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Latest Comments by buenaventura
A general guide for the best practices of buying Linux games
6 October 2016 at 9:31 am UTC Likes: 2

Quoting: lvlarkWell then, I'll touch both. Both sides follow human nature in always wanting more and not wanting to give away what they have (maybe some will find these things easier than others, within either side). Both sides should try to learn to be satisfied easier.

Sure, that is one way of thinking of "human nature". That stuff is very academic and very complex so probably we should not dwell there.

Quoting: lvlarkAnd as to the equalisation debate you're hinting at (which is a far broader political discussion): Most civilised countries have that to some extent. When it comes to digital media, as I've alluded to, there's plenty of free things out there. So it's not a matter of making sure average/poor people have enough digital media to have some entertainment need covered, because there's already ways to cover that. Expanding and providing easier access to those free options is something that could be worked on.

I am hinting at a debate, but I do not really want to engage in it here (as you say, it is pretty pointless eh?). The specific issue of Liams article (which I liked, except for the moralizing part), is however possible to debate here.

I thought of another analogy/connection: Patreon. That is a system for people to be able to support for example Liam and get some (semi-nominal) benefits; as soon as I get rich, I will surely contribute there, more than 10 dollars even! However, we would not want him to require say 10 dollars to view GoL at all, would we? Similarly, one can discuss games and game pricing systems. Now I must eat.

A general guide for the best practices of buying Linux games
6 October 2016 at 9:14 am UTC Likes: 4

Quoting: ColomboRight. Communists. Why should rich people have games? Lets take games from everyone! They everyone will be equal!

That is not helpful, just trolly. If my sentiments are communist, then I guess libraries and humble bundles alike should be considered communist. In any case, we are still talking concretely about a rather specific issue, and should not be trolled into scream-fest ideological battles.

Edit: (I do love the edit button): And the issue is, in the interest of
1. fairness (fair access to culture, spec. games)
2. supporting gaming on linux
is it relevant/fair to chide poor people for not paying full premium for (linux) games, while ignoring rich peoples lackluster contribution?

A general guide for the best practices of buying Linux games
6 October 2016 at 9:03 am UTC Likes: 1

Quoting: lvlark
Quoting: buenaventurathe issue of rich people not paying more is not included at all (when that issue is probably (in raw cash) a lot bigger).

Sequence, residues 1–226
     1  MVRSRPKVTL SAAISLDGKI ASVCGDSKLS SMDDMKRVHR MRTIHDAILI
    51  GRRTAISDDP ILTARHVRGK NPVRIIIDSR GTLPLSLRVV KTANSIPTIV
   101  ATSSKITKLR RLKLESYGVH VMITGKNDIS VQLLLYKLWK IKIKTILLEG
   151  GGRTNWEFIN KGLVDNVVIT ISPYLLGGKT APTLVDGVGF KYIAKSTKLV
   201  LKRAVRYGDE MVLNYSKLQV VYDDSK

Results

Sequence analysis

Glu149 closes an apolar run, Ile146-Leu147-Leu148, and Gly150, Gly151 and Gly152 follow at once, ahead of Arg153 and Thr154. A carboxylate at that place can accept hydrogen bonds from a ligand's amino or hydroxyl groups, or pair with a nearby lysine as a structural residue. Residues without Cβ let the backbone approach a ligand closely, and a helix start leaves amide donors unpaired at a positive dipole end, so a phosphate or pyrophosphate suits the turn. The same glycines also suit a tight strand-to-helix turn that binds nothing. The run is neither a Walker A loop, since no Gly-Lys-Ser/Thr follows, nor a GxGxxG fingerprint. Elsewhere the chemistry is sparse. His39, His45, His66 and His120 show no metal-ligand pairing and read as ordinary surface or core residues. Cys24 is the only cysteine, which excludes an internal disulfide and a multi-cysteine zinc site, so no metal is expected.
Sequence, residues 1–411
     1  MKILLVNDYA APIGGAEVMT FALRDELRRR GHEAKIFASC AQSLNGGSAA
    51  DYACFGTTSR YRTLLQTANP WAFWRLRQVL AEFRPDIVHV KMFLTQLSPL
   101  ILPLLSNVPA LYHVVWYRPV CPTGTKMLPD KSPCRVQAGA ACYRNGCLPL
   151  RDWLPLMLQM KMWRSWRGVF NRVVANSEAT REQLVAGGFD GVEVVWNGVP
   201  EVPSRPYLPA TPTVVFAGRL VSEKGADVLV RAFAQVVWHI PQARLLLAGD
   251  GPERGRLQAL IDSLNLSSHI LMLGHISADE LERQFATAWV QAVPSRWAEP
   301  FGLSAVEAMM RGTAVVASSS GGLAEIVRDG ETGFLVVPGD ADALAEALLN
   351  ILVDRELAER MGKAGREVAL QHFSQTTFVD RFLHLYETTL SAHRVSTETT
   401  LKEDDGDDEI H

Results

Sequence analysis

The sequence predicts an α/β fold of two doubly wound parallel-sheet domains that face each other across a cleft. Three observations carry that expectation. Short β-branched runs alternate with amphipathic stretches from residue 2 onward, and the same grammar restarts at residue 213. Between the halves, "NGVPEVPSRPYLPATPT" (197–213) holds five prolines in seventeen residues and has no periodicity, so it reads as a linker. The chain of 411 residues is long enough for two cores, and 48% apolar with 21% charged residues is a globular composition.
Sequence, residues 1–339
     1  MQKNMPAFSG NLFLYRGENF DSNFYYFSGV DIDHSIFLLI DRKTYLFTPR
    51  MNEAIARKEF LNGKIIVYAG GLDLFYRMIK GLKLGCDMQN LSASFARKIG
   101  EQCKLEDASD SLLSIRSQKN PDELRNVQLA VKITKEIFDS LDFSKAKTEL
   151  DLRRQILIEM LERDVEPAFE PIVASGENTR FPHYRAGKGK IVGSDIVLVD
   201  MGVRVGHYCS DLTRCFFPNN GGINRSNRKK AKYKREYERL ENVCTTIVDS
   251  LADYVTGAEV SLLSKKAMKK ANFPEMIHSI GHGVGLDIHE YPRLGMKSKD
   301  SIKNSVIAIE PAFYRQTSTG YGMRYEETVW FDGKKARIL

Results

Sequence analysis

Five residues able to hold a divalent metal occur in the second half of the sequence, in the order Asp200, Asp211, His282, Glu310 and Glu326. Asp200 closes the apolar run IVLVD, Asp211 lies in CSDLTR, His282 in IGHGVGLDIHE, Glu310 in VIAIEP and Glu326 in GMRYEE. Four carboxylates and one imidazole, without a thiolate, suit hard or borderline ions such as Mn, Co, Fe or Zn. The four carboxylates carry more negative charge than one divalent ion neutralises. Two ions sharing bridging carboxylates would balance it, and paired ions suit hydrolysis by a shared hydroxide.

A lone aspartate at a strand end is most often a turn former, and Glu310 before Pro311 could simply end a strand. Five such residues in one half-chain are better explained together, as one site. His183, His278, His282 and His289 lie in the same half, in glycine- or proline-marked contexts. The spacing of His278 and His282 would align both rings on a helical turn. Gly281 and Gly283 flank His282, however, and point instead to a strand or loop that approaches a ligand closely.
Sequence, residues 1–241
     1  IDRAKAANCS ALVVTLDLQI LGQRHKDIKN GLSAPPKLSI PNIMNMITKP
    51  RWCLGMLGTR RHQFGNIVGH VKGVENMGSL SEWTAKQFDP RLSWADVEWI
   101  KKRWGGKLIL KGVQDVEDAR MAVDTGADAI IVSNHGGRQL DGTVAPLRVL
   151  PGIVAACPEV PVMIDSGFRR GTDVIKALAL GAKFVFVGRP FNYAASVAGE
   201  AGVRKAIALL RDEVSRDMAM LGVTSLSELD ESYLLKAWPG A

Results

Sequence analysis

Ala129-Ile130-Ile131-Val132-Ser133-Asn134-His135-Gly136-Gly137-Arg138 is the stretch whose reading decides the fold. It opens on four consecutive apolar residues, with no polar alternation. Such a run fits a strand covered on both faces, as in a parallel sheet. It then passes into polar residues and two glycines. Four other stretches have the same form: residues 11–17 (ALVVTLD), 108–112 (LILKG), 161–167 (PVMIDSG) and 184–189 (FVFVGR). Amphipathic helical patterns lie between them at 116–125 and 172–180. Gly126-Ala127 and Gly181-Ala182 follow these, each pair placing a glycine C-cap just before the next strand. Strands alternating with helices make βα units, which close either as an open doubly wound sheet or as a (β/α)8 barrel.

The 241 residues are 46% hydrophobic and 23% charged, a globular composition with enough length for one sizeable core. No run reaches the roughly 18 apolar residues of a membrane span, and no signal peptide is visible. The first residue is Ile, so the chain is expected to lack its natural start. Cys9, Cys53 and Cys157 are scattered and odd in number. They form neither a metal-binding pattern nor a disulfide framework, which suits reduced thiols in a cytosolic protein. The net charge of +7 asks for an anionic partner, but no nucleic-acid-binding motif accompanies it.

That is an issue I'm not touching with a ten foot pole. At least, not on any internet forum, not even GOL's.

Well then I guess you shouldn't touch the inverse either :P

Edit: that is, why is it OK to rant about average people not paying full (or sale) price for a game, but not to rant about rich people not paying a lot more than full price? Especially when the latter problem is, as said, in cash terms likely a lot bigger.

A general guide for the best practices of buying Linux games
6 October 2016 at 8:52 am UTC Likes: 3

Quoting: Eike
Quoting: buenaventuraI'm not the one who started the debate about philosophy/morality, was I?

I honestly think we should stop that part of the discussion here. We won't solve this problem. :)

No I agree, we wont of course :P The central critizism of the article I have, (as I edited in after realizing that my comment was vague), is the focus on poor people paying to little for games, while the issue of rich people not paying more is not included at all (when that issue is probably (in raw cash) a lot bigger).

Edit: actually the Humble Bundle is pretty good at illustrating this - there, rich people ARE able to pay extra (alot actually) to support developers. Such systems could be expanded.

A general guide for the best practices of buying Linux games
6 October 2016 at 8:49 am UTC Likes: 3

Quoting: lvlarkAs Liam said, it's a matter of having the people that develop those 'common goods' get paid. They aren't paid out of common funds, are they?

No, and that is too bad. Although, some are (there are for example, in my country, state and regional/local funds for supporting small game developers, musicians, authors, poets etc.). And libraries, they are generally funded (at least here) by common funds. It is not a very big stretch to imagine such systems enlarged and empowered.

A general guide for the best practices of buying Linux games
6 October 2016 at 8:43 am UTC Likes: 3